Dropbox is the final piece of the puzzle. “The technician in the field can document certain things using pictures — a portrait of the unit to show its condition and maybe any pre-existing damage in the house. It also helps with field support. Say you have a newer guy out on the road and he’s looking at a unit he’s not familiar with. He’s able to snap a picture of that and then any supervisor can look at that picture and assist him,” Butcher says.

Tips

The tech know-how needed to patch this system of tools together isn’t vast, but it’s more than many family-owned service companies have on hand, according to Butcher, who is passionate about getting more firms in his industry to work virtually. “When it comes to the technology, for the actual employees themselves, it’s really not that difficult,” Butcher says. “But when it comes to getting a business to this level, you need to have one person that’s tech savvy enough to get the company moving in that direction.”

“I attend a trade show called United Servicers Association each year and put on a class. I push servicers all across the country to get themselves geared up to work in this fashion. There’s a lot of mom and pop. It’s passed down from grandpa and they’re stuck in a lot of the old ways, but they’re realizing that they need to go this direction,” Butcher says, adding, “it’s been a gradual process, but I’d say over the past two to three years, it’s really starting to gain momentum.”

So what tips does Butcher have for small businesses in more traditional industries who are looking to go paperless and virtual like Fred’s? In short, minimize hardware. “Initially we made a very large investment in server space. We actually purchased a rack and servers – very costly. Now we lease cloud space, so we work 100 percent off the cloud-based server and that is one of the best moves that we have ever made,” Butcher says. “Granted the drawback is if you’re having internet interruptions then you’re going to be down, but I feel we have less exposure because all we have to do is drive home and we can work from home.”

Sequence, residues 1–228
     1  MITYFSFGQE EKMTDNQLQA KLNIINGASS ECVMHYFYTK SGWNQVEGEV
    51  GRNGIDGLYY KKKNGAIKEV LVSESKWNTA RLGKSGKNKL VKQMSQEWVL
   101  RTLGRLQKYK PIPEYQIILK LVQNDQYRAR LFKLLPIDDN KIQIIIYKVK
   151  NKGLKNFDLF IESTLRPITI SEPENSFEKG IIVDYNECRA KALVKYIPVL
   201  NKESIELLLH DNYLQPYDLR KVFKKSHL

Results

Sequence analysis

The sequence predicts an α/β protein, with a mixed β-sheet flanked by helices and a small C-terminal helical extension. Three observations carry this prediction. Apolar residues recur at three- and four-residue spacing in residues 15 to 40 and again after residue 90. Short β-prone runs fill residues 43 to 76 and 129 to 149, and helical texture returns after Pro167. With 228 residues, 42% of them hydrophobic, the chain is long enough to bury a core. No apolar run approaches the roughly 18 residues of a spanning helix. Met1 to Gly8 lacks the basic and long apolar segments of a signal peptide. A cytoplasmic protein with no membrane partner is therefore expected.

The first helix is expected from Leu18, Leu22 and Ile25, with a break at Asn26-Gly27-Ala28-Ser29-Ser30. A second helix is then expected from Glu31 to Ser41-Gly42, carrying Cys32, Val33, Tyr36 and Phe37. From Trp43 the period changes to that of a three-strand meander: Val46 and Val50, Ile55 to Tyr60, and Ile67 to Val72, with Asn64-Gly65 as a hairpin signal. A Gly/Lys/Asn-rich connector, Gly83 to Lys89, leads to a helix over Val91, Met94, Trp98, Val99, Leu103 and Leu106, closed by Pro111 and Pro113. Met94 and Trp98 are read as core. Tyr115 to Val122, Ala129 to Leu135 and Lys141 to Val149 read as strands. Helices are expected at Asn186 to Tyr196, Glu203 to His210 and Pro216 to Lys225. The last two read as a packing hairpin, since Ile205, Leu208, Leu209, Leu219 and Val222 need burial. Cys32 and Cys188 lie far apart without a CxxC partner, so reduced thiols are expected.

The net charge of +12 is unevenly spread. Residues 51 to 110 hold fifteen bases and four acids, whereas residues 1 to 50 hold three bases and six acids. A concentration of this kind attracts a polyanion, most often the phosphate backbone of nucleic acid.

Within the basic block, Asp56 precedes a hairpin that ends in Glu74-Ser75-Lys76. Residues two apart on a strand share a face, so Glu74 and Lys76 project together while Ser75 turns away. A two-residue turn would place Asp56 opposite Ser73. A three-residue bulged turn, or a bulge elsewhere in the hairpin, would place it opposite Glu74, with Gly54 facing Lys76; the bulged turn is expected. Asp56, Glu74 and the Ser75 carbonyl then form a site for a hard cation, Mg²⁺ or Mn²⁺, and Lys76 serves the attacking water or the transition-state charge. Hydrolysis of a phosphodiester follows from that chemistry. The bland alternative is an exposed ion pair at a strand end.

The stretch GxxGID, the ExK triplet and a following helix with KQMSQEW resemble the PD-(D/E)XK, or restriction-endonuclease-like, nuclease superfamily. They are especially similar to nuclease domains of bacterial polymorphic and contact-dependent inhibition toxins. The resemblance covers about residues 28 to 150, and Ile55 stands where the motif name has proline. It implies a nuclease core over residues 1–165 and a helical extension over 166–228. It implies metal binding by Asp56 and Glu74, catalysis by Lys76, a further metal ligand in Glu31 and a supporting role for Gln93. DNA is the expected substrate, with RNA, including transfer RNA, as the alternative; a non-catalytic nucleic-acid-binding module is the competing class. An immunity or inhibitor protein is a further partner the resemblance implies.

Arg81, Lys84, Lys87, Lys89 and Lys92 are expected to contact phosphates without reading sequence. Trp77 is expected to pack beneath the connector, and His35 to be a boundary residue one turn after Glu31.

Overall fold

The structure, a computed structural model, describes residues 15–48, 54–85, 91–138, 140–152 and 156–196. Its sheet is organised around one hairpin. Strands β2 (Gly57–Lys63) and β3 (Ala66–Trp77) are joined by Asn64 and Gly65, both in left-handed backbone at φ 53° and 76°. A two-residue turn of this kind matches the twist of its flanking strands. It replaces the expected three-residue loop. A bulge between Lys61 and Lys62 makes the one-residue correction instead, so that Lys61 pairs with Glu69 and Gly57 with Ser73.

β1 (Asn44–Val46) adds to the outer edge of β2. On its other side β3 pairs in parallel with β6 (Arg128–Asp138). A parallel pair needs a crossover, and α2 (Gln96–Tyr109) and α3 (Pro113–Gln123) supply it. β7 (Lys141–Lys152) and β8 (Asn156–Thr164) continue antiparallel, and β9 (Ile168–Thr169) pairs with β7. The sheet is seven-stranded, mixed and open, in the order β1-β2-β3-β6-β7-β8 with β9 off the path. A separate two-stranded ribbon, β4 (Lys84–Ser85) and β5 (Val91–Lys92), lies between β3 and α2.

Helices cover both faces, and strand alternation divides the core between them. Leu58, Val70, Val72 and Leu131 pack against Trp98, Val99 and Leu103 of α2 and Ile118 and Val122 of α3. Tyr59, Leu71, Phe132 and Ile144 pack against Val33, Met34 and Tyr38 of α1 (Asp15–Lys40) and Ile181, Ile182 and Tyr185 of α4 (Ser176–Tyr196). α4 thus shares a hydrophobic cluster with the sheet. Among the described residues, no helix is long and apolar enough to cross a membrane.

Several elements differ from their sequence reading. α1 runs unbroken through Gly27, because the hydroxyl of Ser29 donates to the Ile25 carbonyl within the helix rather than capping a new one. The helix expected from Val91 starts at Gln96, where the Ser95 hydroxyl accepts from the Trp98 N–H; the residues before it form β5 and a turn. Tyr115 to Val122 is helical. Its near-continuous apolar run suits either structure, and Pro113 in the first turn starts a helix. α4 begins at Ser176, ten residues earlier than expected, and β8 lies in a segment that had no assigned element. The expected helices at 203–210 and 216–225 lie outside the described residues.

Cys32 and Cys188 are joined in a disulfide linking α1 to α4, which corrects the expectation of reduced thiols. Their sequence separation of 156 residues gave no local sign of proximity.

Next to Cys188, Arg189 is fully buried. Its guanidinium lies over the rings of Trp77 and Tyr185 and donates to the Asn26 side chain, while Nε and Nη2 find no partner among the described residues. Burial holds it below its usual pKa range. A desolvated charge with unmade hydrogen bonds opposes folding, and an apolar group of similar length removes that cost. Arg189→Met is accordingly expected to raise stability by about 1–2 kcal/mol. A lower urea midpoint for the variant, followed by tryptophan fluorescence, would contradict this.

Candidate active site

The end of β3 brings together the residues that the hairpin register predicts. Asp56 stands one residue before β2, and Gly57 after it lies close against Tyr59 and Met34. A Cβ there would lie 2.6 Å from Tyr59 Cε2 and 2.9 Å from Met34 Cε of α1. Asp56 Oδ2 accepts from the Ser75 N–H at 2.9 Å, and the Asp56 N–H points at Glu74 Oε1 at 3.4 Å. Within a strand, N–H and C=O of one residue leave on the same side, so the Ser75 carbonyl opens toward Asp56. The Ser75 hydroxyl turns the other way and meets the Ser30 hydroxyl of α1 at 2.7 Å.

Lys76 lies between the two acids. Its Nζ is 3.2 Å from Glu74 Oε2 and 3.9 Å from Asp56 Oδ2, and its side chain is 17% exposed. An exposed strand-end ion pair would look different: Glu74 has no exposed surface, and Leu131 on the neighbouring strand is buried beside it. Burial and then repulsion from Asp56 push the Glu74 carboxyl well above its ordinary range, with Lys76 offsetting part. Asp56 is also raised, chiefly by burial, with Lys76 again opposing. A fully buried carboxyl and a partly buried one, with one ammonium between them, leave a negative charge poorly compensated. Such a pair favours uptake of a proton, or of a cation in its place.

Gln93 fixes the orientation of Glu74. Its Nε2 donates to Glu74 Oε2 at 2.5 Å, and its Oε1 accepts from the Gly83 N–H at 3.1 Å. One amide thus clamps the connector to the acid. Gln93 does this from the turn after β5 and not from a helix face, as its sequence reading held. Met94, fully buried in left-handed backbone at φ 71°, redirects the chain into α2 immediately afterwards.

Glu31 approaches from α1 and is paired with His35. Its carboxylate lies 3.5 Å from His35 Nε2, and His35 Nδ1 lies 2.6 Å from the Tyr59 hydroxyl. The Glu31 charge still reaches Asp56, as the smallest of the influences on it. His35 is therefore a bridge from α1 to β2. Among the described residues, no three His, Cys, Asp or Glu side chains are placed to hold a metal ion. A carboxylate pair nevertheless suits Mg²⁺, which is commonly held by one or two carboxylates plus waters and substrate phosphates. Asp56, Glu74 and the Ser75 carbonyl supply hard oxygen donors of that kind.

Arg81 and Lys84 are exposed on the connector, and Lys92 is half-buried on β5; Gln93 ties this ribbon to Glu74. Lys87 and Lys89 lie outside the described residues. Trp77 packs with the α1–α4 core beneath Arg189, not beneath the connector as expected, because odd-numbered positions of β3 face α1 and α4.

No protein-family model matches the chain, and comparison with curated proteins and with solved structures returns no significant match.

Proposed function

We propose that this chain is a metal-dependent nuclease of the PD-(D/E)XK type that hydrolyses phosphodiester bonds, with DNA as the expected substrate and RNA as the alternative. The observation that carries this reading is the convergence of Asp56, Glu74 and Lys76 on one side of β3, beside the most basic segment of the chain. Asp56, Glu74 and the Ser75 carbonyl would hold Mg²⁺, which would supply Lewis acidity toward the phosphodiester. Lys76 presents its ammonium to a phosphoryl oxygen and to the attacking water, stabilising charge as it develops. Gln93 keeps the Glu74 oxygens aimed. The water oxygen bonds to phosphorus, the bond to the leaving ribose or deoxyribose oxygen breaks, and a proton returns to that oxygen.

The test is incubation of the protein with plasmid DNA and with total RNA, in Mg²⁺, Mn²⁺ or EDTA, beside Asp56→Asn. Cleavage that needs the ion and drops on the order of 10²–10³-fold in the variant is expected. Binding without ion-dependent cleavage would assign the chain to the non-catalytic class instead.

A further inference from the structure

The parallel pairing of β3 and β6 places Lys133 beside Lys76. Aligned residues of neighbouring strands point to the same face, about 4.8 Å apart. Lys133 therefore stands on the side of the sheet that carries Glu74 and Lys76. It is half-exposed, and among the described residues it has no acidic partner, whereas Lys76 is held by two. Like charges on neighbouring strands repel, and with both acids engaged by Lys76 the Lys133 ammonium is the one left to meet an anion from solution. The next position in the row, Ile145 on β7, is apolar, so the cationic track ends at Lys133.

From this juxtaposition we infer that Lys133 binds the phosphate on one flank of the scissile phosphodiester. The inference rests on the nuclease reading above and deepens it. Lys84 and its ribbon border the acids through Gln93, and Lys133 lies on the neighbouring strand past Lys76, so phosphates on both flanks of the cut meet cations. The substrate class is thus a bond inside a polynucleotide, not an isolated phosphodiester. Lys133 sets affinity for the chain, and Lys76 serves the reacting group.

And Butcher’s aversion to investing in expensive hardware extends to appliance parts as well. “We have what you could basically call a virtual warehouse. We used to have a ton of parts and it was overtaking our building. That’s another thing we got rid of. We do not have any inventory at our base location at all. The technicians have a small inventory on their trucks for fast-moving parts and then as technicians need parts, they place a parts request with us through the software. We key the order and we ship it directly to the customer’s home.” Usually the part arrives the following day and the repair is completed in two days. The system is quick and also saves in floor space, costly inventory and time spent organizing stock.

“We’re not experts at inventory. We’re experts at service, so why not outsource that expertise to a parts distributor? That’s what they sleep and breathe,” concludes Butcher.

Do you think virtual work is ready to conquer more mom and pop businesses in traditional sectors? 

Image courtesy Flickr user VanDammeMaarten.be

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  1. Joseph Hruska Tuesday, May 29, 2012

    I like how this is all set up!! Very nice!

  2. sounds like workmarket.com

  3. Shipping parts directly to the customer is very costly.

    1. Very true, and many customers aren’t home to receive parts. Who pays for parts that ‘disappear’ from their doorstep?